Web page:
Mitigating the effects of brain cropping

In some datasets, the DWI images do not provide coverage of the entire brain cerebrum and cerebellum, due to poor placement of the imaging field of view and/or subject movement leading to that area of the brain shifting outside the FoV for at least one DWI volume. In such cases, it would be erroneous to infer a change in any fixel-wise metric in that area if subjects for which no valid image data are available were to contribute to the assessment. It is therefore necessary to properly track where each subject possesses valid image data and where they do not, and to modify the processing of and inference from such data accordingly.

The way to achieve this at the point of statistical inference is for the fixel data to contain the value NaN (Not A Number) in any location where a valid quantitative metric could not be obtained for that particular subject. Such data are removed from the GLM on a fixel-by-fixel basis. This technique is explained in greater detail and demonstrated in [Smith2019a].

The following instructions describe a way to modify to a typical Fixel-Based Analysis pipeline, in order to ensure that any location in the template image where image data for a particular subject may have been affected by such cropping will contain the value NaN. It is however recommended that you manually inspect the results of these processing steps in order to ensure that the manipulations of the data are operating as intended.

  1. Replace zero-filled values in the DWI with NaN

    When the FSL command eddy (invoked by MRtrix3’s dwifslpreproc) cannot reconstruct valid image data for all DWI volumes in a particular voxel, it fills that voxel with zero values. The following sequence of commands identifies such voxels, and replaces the values stored within those voxels with NaN:

    mrmath dwi.mif norm - -axis 3 | mrthreshold - - -abs 0.0 -comparison gt -nan | mrcalc dwi.mif - -mult dwi_nan.mif

    Note that this command must be run after dwifslpreproc, but before any upsampling of the DWI data: the latter introduces an interpolation step, such that some voxels in the upsampled image will be decreased in intensity due to this effect, but will not be precisely zero.

    If data upsampling is performed subsequent to this step, regions of the image containing these NaN values will become larger. This occurs because any voxels for which performing 3D interpolation will attempt to sample from an input voxel containing the value NaN will itself obtain a value of NaN.

  2. Ignore other instructions elsewhere regarding brain masks

    Filling voxels outside of the brain with values of NaN achieves a comparable effect to providing a brain mask: voxels containing such values will not contribute to various calculations just as though they were to lie outside of a provided brain mask. As such, explicitly providing a brain mask that does not exclude any voxels not already excluded by step 1 would not have any consequence.

  3. Use NaN fill value in mrtransform

    When transforming subject FOD data to template space, instruct the mrtransform command to fill voxels in template space outside of the input image FoV with the value NaN, rather than zeroes (using the -nan option); this will ensure that any voxel in template space for which valid subject data are not available will contain the value NaN, regardless of which step in the pipeline led to that fact.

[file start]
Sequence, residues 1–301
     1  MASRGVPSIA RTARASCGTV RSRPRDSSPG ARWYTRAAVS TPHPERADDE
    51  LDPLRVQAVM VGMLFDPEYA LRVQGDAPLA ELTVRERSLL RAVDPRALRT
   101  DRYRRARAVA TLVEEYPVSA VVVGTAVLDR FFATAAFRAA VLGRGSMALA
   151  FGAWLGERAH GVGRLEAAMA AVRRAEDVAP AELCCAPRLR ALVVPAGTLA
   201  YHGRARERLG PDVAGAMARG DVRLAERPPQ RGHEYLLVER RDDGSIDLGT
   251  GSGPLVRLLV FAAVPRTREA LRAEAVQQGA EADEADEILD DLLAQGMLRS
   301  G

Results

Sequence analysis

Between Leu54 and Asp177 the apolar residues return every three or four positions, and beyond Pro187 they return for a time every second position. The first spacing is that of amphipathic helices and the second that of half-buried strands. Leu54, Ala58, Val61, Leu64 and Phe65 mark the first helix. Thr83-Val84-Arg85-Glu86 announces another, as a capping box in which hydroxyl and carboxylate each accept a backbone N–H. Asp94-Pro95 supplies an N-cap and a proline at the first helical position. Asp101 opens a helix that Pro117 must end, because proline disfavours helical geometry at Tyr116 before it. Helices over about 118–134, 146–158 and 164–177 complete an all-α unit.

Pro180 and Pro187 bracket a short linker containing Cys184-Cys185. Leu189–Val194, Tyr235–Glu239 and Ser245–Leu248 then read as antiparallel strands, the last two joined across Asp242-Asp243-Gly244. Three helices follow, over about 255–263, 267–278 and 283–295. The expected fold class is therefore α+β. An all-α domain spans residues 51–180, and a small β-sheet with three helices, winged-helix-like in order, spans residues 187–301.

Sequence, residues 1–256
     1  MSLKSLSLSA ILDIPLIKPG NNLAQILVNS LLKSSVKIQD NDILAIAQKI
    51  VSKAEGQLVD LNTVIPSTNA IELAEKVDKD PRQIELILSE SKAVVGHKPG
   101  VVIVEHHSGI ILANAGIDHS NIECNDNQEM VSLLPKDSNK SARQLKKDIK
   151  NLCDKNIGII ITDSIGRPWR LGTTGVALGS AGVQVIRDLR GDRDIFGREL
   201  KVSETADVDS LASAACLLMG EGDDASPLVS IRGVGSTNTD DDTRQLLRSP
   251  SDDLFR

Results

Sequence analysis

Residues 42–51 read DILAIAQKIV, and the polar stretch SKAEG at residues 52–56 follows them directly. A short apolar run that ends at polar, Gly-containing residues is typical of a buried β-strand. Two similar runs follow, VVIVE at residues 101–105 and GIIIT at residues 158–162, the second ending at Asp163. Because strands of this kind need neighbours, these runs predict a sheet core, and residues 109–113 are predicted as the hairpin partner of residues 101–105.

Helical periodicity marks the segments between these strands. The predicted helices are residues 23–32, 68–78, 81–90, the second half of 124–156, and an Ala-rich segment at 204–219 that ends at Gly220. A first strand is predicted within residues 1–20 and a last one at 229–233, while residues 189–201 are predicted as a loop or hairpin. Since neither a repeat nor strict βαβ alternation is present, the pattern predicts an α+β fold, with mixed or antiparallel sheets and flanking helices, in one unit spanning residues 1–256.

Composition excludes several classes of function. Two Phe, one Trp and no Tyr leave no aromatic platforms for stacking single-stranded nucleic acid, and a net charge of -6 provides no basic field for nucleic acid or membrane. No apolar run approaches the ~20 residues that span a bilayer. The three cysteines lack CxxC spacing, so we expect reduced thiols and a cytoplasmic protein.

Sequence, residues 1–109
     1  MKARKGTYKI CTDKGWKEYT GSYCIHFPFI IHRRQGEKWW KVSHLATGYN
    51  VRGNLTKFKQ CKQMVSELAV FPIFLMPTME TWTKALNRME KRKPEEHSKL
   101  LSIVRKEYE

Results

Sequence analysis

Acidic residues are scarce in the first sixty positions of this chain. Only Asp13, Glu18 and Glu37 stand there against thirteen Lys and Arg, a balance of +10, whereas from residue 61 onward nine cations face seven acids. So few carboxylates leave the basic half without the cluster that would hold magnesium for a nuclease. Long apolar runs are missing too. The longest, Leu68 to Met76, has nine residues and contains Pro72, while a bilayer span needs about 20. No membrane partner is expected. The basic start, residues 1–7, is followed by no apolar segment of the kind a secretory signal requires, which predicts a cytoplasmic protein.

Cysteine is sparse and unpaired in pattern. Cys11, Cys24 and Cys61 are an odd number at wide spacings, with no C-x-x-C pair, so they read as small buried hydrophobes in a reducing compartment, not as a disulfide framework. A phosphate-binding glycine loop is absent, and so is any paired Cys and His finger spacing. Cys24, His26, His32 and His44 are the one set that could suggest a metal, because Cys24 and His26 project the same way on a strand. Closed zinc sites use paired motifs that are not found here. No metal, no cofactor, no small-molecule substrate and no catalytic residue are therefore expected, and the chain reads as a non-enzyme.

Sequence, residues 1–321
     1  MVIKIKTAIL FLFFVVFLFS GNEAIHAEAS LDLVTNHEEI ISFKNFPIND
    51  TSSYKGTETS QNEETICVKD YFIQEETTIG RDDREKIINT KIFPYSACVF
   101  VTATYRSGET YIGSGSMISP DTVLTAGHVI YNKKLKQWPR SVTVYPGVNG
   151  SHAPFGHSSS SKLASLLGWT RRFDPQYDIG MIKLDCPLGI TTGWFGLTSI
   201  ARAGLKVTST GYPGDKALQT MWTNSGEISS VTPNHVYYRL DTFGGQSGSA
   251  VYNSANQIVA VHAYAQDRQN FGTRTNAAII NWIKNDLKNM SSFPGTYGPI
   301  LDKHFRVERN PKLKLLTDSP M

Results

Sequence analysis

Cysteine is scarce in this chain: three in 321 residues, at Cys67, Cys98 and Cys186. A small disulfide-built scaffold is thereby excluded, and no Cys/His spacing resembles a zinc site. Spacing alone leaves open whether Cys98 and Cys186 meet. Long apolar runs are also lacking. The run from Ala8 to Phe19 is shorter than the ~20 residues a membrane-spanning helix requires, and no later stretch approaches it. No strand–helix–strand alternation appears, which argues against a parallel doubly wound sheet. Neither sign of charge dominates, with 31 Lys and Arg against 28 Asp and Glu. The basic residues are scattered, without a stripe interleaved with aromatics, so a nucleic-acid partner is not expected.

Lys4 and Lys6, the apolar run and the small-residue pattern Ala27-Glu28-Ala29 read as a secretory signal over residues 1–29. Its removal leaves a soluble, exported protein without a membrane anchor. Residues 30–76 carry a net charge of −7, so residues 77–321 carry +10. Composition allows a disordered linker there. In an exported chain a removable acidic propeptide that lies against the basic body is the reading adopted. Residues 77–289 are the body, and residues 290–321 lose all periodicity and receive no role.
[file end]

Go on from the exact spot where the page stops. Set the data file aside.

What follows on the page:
4. Substitute template mask with number of valid subjects

    Upon generation of the study-specific population template, the intersection of all subject brain masks in template space will not be utilised. Indeed it is not entirely appropriate to transform individual subjects’ brain masks to template space, as the results of such would not reflect the propagation of NaN values described at the end of point 1.

    It may however instead be useful to know, for each voxel in template space, how many subjects possess valid image data in that location:

    for_each * : mrconvert IN/fod_in_template_space_NOT_REORIENTED.mif -coord 3 0 -axes 0,1,2 - "|" mrcalc - -finite IN/valid_data_template_space_mask.mif -datatype bit
    mrmath */valid_data_template_space_mask.mif sum ../template/valid_data_num_subjects.mif

    It may then be useful to apply a threshold to this image (mrthreshold) in order to inform the derivation of a voxel mask for statistical inference; e.g. one may wish to exclude altogether from analysis those voxels with less than some number of subjects; this choice is left open to the researcher.

  5. Propagate NaN values to fixel quantitative metrics

    For voxels in template space for which no valid data are available for a particular subject, we want fixel data to contain the value NaN rather than 0.0. This is done by projecting the voxel mask representing those voxels for which valid subject data are available into the template fixel mask, and then modifying the fixel values accordingly:

    mkdir ../template/valid_data_masks/
    for_each * : voxel2fixel IN/valid_data_template_space_mask.mif ../template/fd/ ../template/valid_data_masks/ PRE.mif
    mkdir ../template/fd_nan/
    cp ../template/fd/index.mif ../template/fd/directions.mif ../template/fd_nan/
    for_each * : mrcalc ../template/fd/PRE.mif ../template/valid_data_masks/PRE.mif -div ../template/fd_nan/PRE.mif

    This is performed after the fixelcorrespondence step, and must be performed independently for each fixel metric of interest.

  6. When runing fixelcfestats, the presence of NaN values in the input data will be detected automatically, and this fact will be reported to the user.

    This command should be expected to take approximately 4 to 5 times longer to complete than typical usage where all input data are finite.